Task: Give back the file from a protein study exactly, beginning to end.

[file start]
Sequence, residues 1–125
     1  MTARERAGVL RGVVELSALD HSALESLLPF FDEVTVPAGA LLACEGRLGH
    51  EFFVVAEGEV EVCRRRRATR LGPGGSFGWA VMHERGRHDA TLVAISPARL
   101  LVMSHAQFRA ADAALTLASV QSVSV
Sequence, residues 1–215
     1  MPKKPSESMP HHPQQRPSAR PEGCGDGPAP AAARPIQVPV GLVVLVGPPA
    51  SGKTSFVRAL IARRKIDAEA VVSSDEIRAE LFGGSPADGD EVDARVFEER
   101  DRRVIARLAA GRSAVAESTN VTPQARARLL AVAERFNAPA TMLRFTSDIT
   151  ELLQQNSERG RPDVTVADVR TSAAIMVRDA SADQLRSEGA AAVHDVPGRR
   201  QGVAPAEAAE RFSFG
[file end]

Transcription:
Sequence, residues 1–125
     1  MTARERAGVL RGVVELSALD HSALESLLPF FDEVTVPAGA LLACEGRLGH
    51  EFFVVAEGEV EVCRRRRATR LGPGGSFGWA VMHERGRHDA TLVAISPARL
   101  LVMSHAQFRA ADAALTLASV QSVSV
Sequence, residues 1–215
     1  MPKKPSESMP HHPQQRPSAR PEGCGDGPAP AAARPIQVPV GLVVLVGPPA
    51  SGKTSFVRAL IARRKIDAEA VVSSDEIRAE LFGGSPADGD EVDARVFEER
   101  DRRVIARLAA GRSAVAESTN VTPQARARLL AVAERFNAPA TMLRFTSDIT
   151  ELLQQNSERG RPDVTVADVR TSAAIMVRDA SADQLRSEGA AAVHDVPGRR
   201  QGVAPAEAAE RFSFG